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Market Update: Rates Unchanged; NAHB Housing Market Index, Housing Starts and Building Permits, Existing Home Sales Coming Up This Week

Blog posted On January 17, 2022

Last week, mortgage rates were initially trending higher than the previous week. During the latter half of the week, they began trending lower. The bond market is largely tied to mortgage rate movement, and over the past two weeks, bond market supply has been elevated. Higher supply typically translates to higher rates. Other factors pushing rates higher include the Federal Reserve’s minutes released last week, and the potential for the Omicron variant to help speed up the endemic phase of COVID. Factors pushing rates lower included a stabilizing bond market and steady improvement following the congressional testimony from Fed Chair Jerome Powell.

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Market Update: Rates Rise; Consumer Price Index Coming Up This Week

Blog posted On January 10, 2022

Last week, mortgage rates trended upward as the Omicron outlook brightened and the Federal Reserve released its minutes from the December meeting. “Bonds feed on fear, turmoil, and risk aversion,” wrote Matthew Graham of Mortgage News Daily. When the economy has a negative outlook, interest rates for things like bonds and homes tend to fall. When the economy is stronger, mortgage rates trend higher. Another factor pushing rates up is the Federal Reserve saying that it ideally would raise the benchmark interest rate sooner than previously anticipated. 

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Market Update: Rates Unchanged; Construction Spending and Job Openings Coming Up this Week

Blog posted On January 03, 2022

Mortgage rates were relatively unchanged last week. Many traders are monitoring the Omicron variant carefully and waiting to see how it will affect the economy. Kicking off the new year, both the construction spending report and job openings data are scheduled for release.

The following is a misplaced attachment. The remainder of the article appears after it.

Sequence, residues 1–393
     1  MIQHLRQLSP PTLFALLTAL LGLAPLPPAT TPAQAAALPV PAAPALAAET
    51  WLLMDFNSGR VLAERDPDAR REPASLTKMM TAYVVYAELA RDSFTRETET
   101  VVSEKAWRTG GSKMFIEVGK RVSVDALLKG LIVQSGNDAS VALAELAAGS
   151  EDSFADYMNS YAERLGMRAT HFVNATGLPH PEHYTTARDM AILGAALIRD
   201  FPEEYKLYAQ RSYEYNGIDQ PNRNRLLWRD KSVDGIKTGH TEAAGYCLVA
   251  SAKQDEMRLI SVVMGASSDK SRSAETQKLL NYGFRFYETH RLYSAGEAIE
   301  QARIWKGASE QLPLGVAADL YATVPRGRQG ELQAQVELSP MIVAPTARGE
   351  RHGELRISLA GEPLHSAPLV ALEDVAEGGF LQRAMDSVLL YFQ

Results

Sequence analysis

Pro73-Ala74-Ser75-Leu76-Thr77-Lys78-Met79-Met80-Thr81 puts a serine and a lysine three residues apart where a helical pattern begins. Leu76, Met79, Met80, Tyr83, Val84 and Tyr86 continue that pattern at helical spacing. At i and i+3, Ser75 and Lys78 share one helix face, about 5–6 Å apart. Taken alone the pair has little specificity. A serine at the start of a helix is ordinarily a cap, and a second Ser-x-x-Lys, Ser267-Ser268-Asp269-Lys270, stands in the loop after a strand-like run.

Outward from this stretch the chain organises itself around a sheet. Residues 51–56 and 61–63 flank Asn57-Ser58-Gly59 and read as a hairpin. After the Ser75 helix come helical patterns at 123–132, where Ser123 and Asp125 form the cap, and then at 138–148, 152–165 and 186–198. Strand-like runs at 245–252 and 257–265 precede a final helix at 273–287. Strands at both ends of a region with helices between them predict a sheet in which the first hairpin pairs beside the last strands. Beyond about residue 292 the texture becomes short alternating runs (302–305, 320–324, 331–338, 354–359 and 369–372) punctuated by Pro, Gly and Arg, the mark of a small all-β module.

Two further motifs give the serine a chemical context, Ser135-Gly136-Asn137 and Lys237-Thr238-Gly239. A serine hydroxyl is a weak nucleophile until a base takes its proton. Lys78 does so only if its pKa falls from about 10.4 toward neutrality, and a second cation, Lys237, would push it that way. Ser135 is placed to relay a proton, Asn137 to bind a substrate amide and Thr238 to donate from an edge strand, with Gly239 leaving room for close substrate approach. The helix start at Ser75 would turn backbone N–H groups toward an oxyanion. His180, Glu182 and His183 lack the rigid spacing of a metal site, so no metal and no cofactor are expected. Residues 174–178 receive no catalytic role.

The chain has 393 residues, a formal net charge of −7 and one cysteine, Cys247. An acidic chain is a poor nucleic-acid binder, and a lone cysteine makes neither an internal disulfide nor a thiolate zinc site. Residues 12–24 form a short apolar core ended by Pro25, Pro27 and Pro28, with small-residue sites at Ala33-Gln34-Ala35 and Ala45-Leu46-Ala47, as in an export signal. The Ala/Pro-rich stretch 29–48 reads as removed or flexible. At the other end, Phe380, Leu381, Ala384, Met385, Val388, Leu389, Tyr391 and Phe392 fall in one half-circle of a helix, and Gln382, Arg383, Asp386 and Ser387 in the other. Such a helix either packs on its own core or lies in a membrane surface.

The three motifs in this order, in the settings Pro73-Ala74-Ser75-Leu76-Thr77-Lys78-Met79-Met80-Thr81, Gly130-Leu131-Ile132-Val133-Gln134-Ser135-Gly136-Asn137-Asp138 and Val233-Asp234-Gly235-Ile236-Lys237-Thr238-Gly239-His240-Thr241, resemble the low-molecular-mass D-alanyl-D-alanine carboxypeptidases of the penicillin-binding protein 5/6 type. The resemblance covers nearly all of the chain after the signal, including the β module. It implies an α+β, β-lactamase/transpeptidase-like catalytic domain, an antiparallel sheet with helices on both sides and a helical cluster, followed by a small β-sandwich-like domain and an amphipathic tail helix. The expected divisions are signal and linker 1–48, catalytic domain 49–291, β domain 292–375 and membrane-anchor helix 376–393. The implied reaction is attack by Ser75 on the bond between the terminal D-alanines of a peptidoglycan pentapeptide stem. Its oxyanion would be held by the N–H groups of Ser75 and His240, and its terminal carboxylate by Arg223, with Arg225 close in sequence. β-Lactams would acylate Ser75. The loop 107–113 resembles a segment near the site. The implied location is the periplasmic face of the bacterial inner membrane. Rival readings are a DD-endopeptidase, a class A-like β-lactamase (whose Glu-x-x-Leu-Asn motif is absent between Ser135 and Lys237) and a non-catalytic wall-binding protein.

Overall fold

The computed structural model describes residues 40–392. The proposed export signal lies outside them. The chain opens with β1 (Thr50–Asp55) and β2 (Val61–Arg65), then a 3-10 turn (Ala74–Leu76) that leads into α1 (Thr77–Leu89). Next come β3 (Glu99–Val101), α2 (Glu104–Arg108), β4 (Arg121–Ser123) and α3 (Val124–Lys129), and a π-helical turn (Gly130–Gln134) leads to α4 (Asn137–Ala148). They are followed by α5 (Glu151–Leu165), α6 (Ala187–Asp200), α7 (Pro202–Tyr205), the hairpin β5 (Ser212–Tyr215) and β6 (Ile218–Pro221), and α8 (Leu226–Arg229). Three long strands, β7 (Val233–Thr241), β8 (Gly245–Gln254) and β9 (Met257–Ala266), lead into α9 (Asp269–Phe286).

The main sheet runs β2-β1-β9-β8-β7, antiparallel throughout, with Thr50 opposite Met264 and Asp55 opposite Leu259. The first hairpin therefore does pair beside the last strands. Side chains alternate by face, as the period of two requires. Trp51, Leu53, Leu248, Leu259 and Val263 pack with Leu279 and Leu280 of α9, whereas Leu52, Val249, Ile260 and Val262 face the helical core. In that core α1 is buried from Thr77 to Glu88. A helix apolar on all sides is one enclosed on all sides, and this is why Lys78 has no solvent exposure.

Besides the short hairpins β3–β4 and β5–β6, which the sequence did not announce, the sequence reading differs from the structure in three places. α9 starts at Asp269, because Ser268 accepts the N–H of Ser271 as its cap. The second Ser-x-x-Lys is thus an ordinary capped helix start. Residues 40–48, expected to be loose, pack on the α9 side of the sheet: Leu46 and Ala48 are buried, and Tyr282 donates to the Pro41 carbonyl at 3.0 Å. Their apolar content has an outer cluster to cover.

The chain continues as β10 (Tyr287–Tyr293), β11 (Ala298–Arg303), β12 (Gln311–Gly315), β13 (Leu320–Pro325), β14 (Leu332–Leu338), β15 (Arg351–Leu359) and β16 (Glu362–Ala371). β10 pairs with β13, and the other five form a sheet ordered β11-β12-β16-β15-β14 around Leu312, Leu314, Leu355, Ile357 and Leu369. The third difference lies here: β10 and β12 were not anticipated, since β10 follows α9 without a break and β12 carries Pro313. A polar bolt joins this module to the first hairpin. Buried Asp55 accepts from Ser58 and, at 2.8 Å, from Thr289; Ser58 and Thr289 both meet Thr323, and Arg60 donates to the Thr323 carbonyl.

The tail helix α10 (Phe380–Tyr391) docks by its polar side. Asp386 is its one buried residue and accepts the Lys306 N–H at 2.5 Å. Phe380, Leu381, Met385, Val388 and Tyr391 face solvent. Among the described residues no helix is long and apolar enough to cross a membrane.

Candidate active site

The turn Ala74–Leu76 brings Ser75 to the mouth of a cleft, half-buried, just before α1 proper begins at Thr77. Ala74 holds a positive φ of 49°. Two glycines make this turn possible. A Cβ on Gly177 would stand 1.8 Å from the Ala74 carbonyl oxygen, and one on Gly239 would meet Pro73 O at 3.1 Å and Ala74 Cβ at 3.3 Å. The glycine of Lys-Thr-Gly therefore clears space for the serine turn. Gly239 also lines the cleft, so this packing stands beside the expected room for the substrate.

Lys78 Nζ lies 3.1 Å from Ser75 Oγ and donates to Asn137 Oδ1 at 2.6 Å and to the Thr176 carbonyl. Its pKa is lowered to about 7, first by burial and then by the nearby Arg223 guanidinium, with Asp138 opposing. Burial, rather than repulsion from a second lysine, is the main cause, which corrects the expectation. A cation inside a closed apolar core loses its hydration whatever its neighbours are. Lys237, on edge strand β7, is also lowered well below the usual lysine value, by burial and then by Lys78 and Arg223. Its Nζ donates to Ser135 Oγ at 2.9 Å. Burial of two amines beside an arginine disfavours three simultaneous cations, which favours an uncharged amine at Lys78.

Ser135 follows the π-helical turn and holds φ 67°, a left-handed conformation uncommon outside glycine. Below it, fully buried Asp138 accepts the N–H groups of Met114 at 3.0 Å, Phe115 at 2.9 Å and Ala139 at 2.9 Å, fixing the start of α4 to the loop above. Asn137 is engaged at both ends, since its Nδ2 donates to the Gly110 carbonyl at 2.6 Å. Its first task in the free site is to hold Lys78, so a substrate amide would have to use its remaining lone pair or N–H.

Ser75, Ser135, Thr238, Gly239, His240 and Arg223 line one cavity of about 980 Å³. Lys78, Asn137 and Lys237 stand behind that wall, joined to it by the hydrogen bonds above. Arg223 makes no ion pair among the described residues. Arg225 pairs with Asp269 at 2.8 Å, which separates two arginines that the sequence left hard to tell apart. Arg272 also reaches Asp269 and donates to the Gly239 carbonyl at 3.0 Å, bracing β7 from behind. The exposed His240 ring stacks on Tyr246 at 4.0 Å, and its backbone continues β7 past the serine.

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Market Update: Rates Rise; Case-Shiller Home Price Index, Pending Home Sales Coming Up This Week

Blog posted On December 27, 2021

Mortgage rates remained relatively unchanged last week. Many investors are waiting to see how the Omicron variant will develop over the holidays. This week, the Case-Shiller home price index is scheduled for release on Tuesday and the pending home sales index is scheduled for release on Wednesday.

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Market Update: Rates Rise; NAHB Housing Market Index, Fed Interest Rate Decision, and Housing Starts and Building Permits Coming Up This Week

Blog posted On December 13, 2021

Last week, mortgage rates trended upward as more hopeful news about the Omicron variant was released. When the economy is doing better, mortgage rates typically trend higher. The job openings report and consumer price index also came out last week – showing a very high number of job openings and inflation levels. When inflation levels get too high, the Fed can use some of its tools to bring them back down. One of those tools is raising the benchmark rate. Many experts expect the Fed to further discuss a plan to speed up their asset tapering process, which would push their rate increases forward.

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Market Update: Rates Trend Lower; Job Openings Coming Up This Week

Blog posted On December 06, 2021

Last week, mortgage rates trended lower during the beginning of the week as concerns surrounding the Omicron variant spread. Typically, when news about something that could affect the economy breaks, people look to put their money in bonds as opposed to stocks. When bonds improve, rates tend to fall. 

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Market Update: Rates Trend Higher; Pending Home Sales, Case-Shiller Home Price Index, Construction Spending Coming Up This Week

Blog posted On November 29, 2021

Last week, mortgage rates trended higher in reaction to the bond market. Typically, when the bond market is weaker, mortgage rates trend higher. The bond market saw its first pair of challenges early in the week with the re-nomination of Federal Reserve Chairman Jerome Powell. Though the re-nomination was largely expected, some hoped for the nomination of Fed Governor Lael Brainard. Brainard was viewed as a rate-friendly choice. Powell, however, has successfully navigated two years of the coronavirus pandemic. Additional bond pressure came from the Treasury auctions.

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Market Update: Rates Rise; Existing Home Sales, New Home Sales Coming Up This Week

Blog posted On November 22, 2021